Saturday, 14 June 2014

Review: X-Men: First Class

When I was about ten years old, I saw the first X-Men movie at a friend's house. Soon after, I acquired a soon to be well-worn VHS copy of the film. In May 2003 I went to the cinema to catch the sequel, which I thought was even better.

In 2006, hack-for-hire Brett Ratner (Red Dragon, Rush Hour 3) replaced regular X-director Bryan Singer to make the widely-reviled X-Men 3. Three years later, the property produced the laughable X-Men Origins: Wolverine.

By the time X-Men: First Class (2011, trailercame out, the series was tied in a two-good, two-bad score for me. Nevertheless, I was looking forward to this one. A '60s-set iteration featuring a young Professor X played by James McAvoy and a young Magneto played by Michael Fassbender sounded promising to me.

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In 1962, the CIA recruits 'mutation expert' Charles (Professor X) Xavier to help them foil a dastardly plot by mutant villain Sebastian Shaw (Kevin Bacon).

On the way, Xavier meets and teams up with Erik (Magneto) Lehnsherr, who is also hunting down Shaw for his Nazi war crimes.

My Take

These first two X-Men movies remind me of Terminator 2 in that they are dazzling special-effects action movies, but they also have clever ideas and solid characterization.

On one side of the series' central conflict is authoritative psychic Xavier (Patrick Stewart), who wants mutants to coexist with humankind. On the other side is metal-manipulating concentration camp survivor Lehnsherr (Ian McKellen), who hates humanity and wishes to eliminate it in favor of mutant-kind.

There's also a classic, Star Wars-y dynamic between straight-arrow Cyclops (James Marsden), roguish Wolverine (Hugh Jackman), and their mutual love interest Jean Grey (Famke Janssen).

In X-Men: First Class our merry band of mutants is comprised of wooden, model-looking people who lack any distinction beyond their assorted computer-generated superpowers.

And here, sporting the lovely CGI wings by Industrial Light and Magic, is Zoƫ 'daughter of Lenny' Kravitz.

Most comic-book movies like Superman: The Movie seem to be based on straightforward wish-fulfilment. X-Men 1 and 2 do indulge in super-powered fantasy, but they also use the idea of a newly-evolved mutant race as an allegory to comment on racist and homosexual bigotry.

The first X-Men movie opens with a congressional debate between Senator Robert Kelly (Bruce Davison) and telekinetic mutant Dr. Jean Grey, during which the two discuss whether or not to pass the 'Mutant Registration Act':

(Kelly:) 'Are mutants dangerous?'

'I'm afraid that's an unfair question, Senator Kelly. After all, the wrong person behind the wheel of a car can be dangerous.'

'Well, we do licence people to drive.'

'Yes, but not to live. Senator, it is a fact that mutants who have come forward and revealed themselves publicly have been met with fear, hostility, even violence.'

For a blockbuster film, this is pretty intelligent and interesting dialogue. In First Class, the bigoted mutants' and humans' crass outbursts punch you in the face with their bluntness: 'Where do I find the more evolved people?' 'Just let us normal people go.'

Magneto spends several scenes lurking around in a black turtleneck and uttering portentous lines like 'I've been a lab rat. I know one when I see one.' This guy will grow up to be Ian McKellen. How about some class?

When CIA official Oliver Platt introduces Xavier to scientist Hank McCoy (Nicholas Hoult), Xavier psychically recognizes McCoy as a fellow mutant and exclaims: 'How wonderful. Another mutant, already here. Why didn't you say?'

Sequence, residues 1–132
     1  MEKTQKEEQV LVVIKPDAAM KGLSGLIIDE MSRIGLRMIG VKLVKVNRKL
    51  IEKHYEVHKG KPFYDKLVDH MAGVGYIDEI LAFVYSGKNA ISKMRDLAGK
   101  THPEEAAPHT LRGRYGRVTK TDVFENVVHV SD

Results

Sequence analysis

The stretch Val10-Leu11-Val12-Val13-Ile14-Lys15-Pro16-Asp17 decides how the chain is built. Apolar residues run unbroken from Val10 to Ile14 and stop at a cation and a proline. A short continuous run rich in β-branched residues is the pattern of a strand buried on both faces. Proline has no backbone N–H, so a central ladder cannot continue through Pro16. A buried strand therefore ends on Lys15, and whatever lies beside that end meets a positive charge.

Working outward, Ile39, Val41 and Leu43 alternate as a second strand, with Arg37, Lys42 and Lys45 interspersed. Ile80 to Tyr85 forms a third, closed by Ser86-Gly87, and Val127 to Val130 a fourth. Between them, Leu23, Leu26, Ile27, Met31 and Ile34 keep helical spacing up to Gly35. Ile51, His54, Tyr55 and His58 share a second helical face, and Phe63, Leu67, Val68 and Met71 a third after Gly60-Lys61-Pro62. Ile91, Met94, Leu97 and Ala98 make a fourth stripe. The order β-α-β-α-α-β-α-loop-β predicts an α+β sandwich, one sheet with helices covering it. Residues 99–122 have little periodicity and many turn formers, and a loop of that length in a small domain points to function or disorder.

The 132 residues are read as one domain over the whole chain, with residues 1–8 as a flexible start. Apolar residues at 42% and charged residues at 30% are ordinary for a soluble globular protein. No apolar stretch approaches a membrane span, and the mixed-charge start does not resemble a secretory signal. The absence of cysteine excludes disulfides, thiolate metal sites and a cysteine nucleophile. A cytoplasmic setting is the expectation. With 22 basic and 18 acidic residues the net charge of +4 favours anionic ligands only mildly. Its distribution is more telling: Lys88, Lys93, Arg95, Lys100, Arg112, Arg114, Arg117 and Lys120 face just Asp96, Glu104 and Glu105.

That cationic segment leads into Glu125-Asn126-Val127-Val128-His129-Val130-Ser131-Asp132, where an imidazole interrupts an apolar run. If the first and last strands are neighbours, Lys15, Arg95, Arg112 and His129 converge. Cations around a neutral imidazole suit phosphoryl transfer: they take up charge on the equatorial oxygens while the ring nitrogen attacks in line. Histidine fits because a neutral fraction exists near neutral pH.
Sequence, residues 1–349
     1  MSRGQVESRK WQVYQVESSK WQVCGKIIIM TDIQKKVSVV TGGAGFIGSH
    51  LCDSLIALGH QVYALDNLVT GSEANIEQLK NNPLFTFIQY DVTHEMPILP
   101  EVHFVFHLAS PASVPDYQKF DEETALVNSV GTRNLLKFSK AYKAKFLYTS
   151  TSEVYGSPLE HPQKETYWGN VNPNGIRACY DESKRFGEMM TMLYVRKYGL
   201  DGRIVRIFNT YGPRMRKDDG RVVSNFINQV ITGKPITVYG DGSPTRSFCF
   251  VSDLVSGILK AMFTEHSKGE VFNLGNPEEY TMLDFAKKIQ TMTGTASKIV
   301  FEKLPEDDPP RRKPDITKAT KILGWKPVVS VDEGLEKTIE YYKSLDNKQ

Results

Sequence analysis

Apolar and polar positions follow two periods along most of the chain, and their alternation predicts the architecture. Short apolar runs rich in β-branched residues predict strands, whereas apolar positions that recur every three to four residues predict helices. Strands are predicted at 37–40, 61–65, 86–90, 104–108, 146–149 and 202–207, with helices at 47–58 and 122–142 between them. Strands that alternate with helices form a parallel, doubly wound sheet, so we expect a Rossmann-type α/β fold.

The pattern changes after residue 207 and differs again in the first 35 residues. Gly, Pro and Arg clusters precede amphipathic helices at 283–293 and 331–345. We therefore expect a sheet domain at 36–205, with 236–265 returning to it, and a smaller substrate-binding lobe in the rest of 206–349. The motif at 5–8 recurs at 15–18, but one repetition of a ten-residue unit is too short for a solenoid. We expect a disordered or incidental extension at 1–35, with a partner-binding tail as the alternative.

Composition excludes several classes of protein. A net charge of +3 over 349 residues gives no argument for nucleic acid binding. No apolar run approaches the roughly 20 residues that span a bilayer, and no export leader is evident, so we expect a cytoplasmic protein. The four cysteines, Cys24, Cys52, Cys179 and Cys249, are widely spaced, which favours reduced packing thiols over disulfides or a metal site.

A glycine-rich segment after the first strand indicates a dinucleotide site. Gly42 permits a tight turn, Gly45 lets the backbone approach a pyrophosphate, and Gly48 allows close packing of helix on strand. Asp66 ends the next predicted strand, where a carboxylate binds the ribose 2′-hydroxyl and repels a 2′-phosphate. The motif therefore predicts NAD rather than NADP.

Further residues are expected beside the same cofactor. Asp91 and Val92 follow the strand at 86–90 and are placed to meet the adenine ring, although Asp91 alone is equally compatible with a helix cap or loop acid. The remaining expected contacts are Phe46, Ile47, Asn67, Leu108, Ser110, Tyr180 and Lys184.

'Say what?' asks Platt.

'Because you don't know. [Looks directly at Hank] I am so, so terribly sorry.'

So instead of gracefully extricating himself from the social gaffe of outing a guy who is obviously secretive about being a mutant, he just gaffes even harder. This is meant to be the man who will become Patrick Stewart; how 'bout some tact?

'I see you also have sadomasochistic fantasies and an Oedipal complex. Oops, did I say that out loud? I am so, so terribly sorry.'

Has there ever been a good prequel? The Godfather Part II doesn't count because it takes place mostly after the first one. Indiana Jones and the Temple of Doom and Casino Royale don't count because the Jones and Bond films are all self-contained episodes.

Otherwise, there's refuse like Hannibal Rising and the Star Wars prequels. I know I'm in the minority, but I also felt that Prometheus and the Hobbit films were pretty weak.

One of the big draws of the Star Wars prequels was the promise of seeing the dissolution of the friendship between Obi-Wan Kenobi and a proto-Darth Vader. Likewise, X-Men: First Class was supposed to be about Magneto and Professor X becoming friends, then enemies.

Like the Star Wars prequels, First Class forgets to include the friendship part. It's as if the writers are coasting on the fact that the audience already knows Xavier and Lehnsherr are old friends because Patrick Stewart mentioned it in a previous movie.

Well, here in First Class Lehnsherr is a creepy psychopath from the get-go, and his relationship with Xavier is marked by their contentious arguing. I guess the downfall of a friendship is the exciting, emotional part to dramatize; but the drama doesn't exist if there is no friendship to 'fall' from. Having each character address the other as 'friend' doesn't solve this problem.

'I shall call you 'friend', seeing as we are friends now.'

There are also countless in-jokes that refer to previous X-Men films. Mystique (Jennifer Lawrence) tells a college-aged Xavier that the title 'Professor' suits him. At one point, Xavier says 'Next thing you know, I'll be going bald.' A CIA guy named Stryker irrelevantly mentions his son William, who will one day become the villain of X-Men 2.